Can you imagine Sherlock Holmes giving a ′Best Man′ speech at the wedding of his partner in crime solving, Dr. John Hamish Watson? Especially given that the latest incarnation of the Consulting Detective, played by the hauntingly sardonic Benedict Cumberbatch, is an arrogant, emotionless sociopath. But, that is exactly the sort of hilarity we can expect from the BBC series, Sherlock in the episode, The Sign of Three. The vision of producers Steve Moffat and Mark Gatiss comes through like bubbles from a glass of champagne, delighting all true fans of Sherlock Holmes in this episode, mixing comedy with the drama of the dark side of humanity. Its as all terribly British as a plate of fish n′ chips with a cup o′ tea and a biscuit on the side!


Okay, I know many of you watch that dreadful series on CBS, ′Elementary′. You can call me a snob. You may call me a purist. You can call me anything you want other than Shirley, but Holmes belongs in London! Plain and simple! It may have worked for Emily, but the Americanization of Sherlock Holmes is just awful. Bad enough it has a female Watson and does tend to rip-off some of the aspects of Moffat and Gatiss, but the real problem is Holmes being in New York City. I′ve tried watching it a few times and I really wanted to like it, but I just cannot. Within five minutes, I′m watching something else.

Moffat, who resurrected Dr. Who, was the perfect person to bring us a 21st Century version of Holmes. Gatiss, who worked with Moffat on a couple of Who episodes as well as an earlier one-shot production of Sir Arthur Conan Doyle’s hero with Moffat before, have done an outstanding job with the Sherlock series. Right from the very first episode we were treated to a crazy Holmes beating cadavers with riding crops just to see how the wounds would look and taunting Scotland Yard and the Media with text messages. Watson wasn′t much better having some mental issues of his own after being wounded in Afghanistan. Even sweet, old Mrs, Hudson has some skeletons in her pantry.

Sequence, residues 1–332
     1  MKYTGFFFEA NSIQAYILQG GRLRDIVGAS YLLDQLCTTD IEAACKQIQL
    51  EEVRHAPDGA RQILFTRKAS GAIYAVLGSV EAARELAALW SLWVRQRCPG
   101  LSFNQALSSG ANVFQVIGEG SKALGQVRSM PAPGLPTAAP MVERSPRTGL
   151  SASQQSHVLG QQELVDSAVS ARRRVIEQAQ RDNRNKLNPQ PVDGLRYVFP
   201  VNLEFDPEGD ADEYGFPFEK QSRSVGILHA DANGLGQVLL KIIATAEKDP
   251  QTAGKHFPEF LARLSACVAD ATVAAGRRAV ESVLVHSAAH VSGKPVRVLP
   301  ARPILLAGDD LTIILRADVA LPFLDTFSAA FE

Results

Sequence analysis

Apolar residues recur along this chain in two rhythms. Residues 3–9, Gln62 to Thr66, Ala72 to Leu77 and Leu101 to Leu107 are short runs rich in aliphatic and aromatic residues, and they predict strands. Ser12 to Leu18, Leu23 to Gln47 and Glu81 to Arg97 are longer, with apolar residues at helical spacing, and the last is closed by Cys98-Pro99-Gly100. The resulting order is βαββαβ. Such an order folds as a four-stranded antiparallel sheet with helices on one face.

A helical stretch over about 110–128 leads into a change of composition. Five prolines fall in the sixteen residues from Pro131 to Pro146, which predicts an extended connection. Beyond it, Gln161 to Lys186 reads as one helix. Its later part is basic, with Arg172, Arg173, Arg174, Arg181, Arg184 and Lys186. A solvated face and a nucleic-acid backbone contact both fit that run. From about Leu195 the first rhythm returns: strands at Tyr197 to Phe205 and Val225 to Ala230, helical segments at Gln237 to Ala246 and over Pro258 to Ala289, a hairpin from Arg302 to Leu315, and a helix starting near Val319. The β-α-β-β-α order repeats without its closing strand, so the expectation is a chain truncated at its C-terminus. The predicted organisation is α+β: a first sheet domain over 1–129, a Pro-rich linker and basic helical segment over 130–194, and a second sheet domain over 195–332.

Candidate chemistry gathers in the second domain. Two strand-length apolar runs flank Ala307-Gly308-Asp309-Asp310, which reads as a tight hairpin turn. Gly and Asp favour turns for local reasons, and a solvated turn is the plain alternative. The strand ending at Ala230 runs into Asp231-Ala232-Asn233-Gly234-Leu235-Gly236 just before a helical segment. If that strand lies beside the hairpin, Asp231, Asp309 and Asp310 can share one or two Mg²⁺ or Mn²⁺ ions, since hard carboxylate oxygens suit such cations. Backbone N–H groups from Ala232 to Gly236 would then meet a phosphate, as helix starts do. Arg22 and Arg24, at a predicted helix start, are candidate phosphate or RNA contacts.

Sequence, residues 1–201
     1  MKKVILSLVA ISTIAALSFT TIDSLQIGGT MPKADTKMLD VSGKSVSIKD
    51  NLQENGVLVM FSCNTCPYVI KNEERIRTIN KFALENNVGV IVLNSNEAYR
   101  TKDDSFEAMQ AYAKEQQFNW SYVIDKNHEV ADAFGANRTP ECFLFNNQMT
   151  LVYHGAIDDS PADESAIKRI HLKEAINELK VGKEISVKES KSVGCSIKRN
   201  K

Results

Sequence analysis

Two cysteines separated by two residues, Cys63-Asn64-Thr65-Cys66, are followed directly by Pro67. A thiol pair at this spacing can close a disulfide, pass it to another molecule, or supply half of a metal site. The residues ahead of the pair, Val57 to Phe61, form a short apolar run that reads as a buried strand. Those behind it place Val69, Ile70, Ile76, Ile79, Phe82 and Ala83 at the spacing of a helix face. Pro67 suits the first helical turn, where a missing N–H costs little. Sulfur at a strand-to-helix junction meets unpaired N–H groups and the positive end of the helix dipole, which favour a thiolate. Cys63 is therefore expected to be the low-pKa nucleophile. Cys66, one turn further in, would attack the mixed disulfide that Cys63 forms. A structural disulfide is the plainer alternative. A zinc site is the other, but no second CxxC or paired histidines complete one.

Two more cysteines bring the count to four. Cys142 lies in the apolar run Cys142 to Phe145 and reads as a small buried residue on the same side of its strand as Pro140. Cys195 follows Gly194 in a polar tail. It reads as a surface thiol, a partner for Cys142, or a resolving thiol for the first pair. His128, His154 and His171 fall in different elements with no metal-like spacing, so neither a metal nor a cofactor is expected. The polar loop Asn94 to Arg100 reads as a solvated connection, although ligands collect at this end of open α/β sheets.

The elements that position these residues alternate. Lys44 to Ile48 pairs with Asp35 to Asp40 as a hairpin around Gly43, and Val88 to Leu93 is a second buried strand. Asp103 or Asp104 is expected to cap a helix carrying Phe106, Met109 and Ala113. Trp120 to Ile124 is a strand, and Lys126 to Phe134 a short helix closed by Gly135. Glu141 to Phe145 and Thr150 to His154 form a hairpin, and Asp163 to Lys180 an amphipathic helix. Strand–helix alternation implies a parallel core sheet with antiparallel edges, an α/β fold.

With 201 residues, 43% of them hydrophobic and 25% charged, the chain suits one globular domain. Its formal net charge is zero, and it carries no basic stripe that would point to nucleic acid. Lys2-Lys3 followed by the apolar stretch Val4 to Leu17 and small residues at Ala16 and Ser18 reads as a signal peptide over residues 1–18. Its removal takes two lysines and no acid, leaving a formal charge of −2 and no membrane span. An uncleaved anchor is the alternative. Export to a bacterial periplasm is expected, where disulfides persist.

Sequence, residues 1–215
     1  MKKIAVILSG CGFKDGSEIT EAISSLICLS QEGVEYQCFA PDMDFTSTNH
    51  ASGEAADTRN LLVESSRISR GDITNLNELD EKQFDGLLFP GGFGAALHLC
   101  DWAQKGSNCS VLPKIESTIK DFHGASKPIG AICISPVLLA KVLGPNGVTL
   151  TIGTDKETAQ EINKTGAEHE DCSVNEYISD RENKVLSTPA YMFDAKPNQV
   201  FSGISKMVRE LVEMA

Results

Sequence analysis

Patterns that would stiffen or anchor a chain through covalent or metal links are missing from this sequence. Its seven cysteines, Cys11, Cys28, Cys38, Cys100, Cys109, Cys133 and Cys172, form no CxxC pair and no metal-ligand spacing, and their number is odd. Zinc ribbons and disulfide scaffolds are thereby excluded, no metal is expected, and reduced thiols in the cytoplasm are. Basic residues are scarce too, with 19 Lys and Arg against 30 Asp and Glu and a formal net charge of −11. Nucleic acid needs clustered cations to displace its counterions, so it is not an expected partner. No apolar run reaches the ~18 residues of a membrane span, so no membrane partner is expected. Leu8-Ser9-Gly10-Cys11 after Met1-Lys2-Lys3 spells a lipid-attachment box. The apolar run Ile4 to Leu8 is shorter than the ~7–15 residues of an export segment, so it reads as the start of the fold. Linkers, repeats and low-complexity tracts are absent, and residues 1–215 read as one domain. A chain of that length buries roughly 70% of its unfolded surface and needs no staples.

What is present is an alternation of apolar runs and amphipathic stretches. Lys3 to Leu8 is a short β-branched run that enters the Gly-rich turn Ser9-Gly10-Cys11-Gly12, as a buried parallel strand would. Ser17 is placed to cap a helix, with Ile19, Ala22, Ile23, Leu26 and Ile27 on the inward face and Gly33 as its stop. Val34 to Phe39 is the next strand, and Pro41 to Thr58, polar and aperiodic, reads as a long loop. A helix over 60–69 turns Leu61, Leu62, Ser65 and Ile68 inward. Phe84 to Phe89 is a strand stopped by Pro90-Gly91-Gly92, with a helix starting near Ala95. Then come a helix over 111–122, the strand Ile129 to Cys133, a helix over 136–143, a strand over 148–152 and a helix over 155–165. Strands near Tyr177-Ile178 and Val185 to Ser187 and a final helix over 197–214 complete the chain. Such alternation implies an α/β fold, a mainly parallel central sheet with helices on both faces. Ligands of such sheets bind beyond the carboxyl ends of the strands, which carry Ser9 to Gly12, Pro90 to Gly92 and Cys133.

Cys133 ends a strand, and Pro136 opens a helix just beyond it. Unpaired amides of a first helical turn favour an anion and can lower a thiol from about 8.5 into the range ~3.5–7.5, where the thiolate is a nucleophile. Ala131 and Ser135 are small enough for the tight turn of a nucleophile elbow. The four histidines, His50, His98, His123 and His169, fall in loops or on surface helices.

But it all worked beautifully, resulting in a second, now a third season of the series. Last night′s episode picks up from the season premier where Watson gets engaged to Mary Mortsan, a relationship he takes up while Holmes faked his death for two years. Choosing Sherlock to be his best man becomes problematic on many levels as Holmes is something of a manic to start with. Helping Mary sort out the guest seating arrangement with his powers of deduction, such as who sent a cheap card for their RSVP, is mild compared to the trauma of a shy, awkward Holmes having to deliver a speech before a room full of humans who actually favor marriage.

My favorite scene is when Holmes takes Watson out for a pub crawl, bringing two lab beakers and insisting to the bartenders that he wants them each filled with precisely 443.7 milliliters of beer. Then watching them drunk as they attempt to solve a case of a ghost dating women over the Internet was hysterical, especially when Sherlock pukes over the ′crime scene′ while, as a drunk Watson put it, ″clueing for looks.″

Of course, Holmes gives examples of his friendship with Watson during the clumsy speech, based on cases John wrote about on his blog. Including the Case of the Bloody Guardsman, where Holmes and Watson try to save a British soldier who was somehow stabbed while locked in a shower after his duty stand at Buckingham Palace. While Sherlock could not figure out how an invisible man did the crime with an invisible knife, Dr. John does save the soldier′s life.

But all the pieces of both puzzles come together at the wedding during the speech. Holmes had narrowed down at least five actual ′victims′ of the ghost masher, whom he calls ′The Mayfly Man′, when it occurred to him during his speech that the last victim knew Watson′s middle name. So the best man speech now becomes an exercise in Sherlock′s power of deductive reasoning. Holmes tries to figure out who the Mayfly Man is as he must be at the wedding since the invitations mentions Watson’s rarely used middle name, but, he is unable to do so. Coached psychically by brother Mycroft, played by Gatiss, Sherlock narrows the guest list of potential targets down to Watson′s former commander who has been living in seclusion after death threats from the families of soldiers he led into a deadly ambush.

The game is afoot now! This is when Holmes makes the connection between the Mayfly Man and the Invisible Man with the invisible knife. The rest, as Holmes would say, is elementary. So the wedding ends on a happy note with a murder averted and the scoundrel arrested. We even get to see Sherlock dance a little bit, but not for long. While all are partying away, as happy, normal humans tend to do, Holmes slips away into the night, ready for another adventure.